Books about wild remedies, living well and foraging were hidden by book fairies to share the excitement about Drake & Morgan’s new menu!
The Book Fairies ran all around London to share beautiful books around the Drake & Morgan restaurant sites in celebration of their new Autumn menu! Find out if you have one nearby here.
About Wild Tea:
Discover the incredible uses of 40 home-grown and foraged ingredients for making a variety of original brew-it-yourself recipes. You will learn how to grow, find, harvest, dry, and store ingredients including berries, roots, seeds, leaves, and flowers–plus the profile of each: history, health benefits, parts of the plant to use, and how to brew singly. The 30 recipes are for complex blends and specialty drinks such as detox teas, class night-time brews, Moroccan mint, Korean barley tea, bubble tea, and even dandelion coffee. Step-by-step detailed instructions are given for each recipe. There is also a “best of the rest” section with more unique ingredients that can be added to your brews, such as ginger, cinnamon, pomegranate, and orange. Enjoy the satisfaction and health benefits of brewing your own natural teas!
About The Wild Journal:
Whether you live in a house or flat, in a rural or urban environment, this beautiful book shows how to harness the natural world around us and feel more grounded and rooted in our surroundings.
The Wild Journal is a beautifully illustrated guide from leading florist and nature writer Willow Crossley. Guiding you through creative practical projects and therapeutic seasonal reflections, The Wild Journal celebrates the potential of nature to mend, heal and transform our mood.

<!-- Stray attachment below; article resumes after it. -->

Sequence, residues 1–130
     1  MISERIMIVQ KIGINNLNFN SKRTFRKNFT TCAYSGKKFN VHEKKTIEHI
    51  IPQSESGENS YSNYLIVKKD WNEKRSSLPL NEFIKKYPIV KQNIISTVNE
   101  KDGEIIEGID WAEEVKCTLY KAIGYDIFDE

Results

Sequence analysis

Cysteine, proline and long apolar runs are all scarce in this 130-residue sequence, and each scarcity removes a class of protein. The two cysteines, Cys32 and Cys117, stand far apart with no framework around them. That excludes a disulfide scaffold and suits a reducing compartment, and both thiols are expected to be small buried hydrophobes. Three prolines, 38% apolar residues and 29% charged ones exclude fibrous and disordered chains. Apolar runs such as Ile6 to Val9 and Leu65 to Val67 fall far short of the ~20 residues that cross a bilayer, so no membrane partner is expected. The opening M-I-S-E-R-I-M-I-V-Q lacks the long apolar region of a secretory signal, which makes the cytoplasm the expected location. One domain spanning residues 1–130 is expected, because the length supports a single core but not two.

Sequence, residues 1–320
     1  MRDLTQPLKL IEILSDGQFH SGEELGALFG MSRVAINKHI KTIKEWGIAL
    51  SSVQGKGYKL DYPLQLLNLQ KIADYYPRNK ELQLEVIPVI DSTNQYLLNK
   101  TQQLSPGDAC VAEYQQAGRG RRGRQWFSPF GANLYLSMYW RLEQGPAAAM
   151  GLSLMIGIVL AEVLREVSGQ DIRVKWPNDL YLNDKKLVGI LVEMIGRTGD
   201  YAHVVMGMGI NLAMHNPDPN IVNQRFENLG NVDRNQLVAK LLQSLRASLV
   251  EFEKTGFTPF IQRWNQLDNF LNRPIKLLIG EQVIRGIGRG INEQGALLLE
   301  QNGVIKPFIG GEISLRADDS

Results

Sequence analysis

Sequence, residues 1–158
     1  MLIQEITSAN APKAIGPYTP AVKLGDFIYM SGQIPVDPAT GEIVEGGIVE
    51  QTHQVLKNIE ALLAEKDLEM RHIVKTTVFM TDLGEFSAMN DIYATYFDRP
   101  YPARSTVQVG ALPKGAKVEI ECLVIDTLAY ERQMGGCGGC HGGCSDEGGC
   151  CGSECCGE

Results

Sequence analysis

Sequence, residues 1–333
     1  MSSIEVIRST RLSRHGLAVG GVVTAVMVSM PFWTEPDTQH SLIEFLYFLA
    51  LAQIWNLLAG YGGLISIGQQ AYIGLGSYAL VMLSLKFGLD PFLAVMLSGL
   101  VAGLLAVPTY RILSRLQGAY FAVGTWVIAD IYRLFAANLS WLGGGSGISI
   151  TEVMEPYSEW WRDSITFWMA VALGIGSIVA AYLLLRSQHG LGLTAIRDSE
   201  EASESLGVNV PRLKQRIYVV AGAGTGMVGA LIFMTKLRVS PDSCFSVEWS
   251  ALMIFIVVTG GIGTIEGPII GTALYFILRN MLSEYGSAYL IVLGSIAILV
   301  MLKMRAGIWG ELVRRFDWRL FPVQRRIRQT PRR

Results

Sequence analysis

The simple, back-to-basics habits and small seasonal changes in the book can help everyone to counteract the unpredictability and chaos of everyday life. Wherever you live, there are simple mindful actions – from listening to birdsong instead of rushing on your commute, to collecting natural treasures such as feathers, branches, pebbles or pine cones. Willow shares her creative techniques for bringing nature into your daily routine – whether it’s planting and potting, identifying wild flowers, trying your hand at beautifully simple flower arrangements or making your own essential oils and candles. There is space to record reflections and your favourite seasonal activities, as well as ideas for star-gazing, bird-watching, and so much more.
About The Forager’s Calendar:
Look out of your window, walk down a country path or go to the beach in Great Britain, and you are sure to see many wild species that you can take home and eat. From dandelions in spring to sloe berries in autumn, via wild garlic, samphire, chanterelles and even grasshoppers, our countryside is full of edible delights in any season.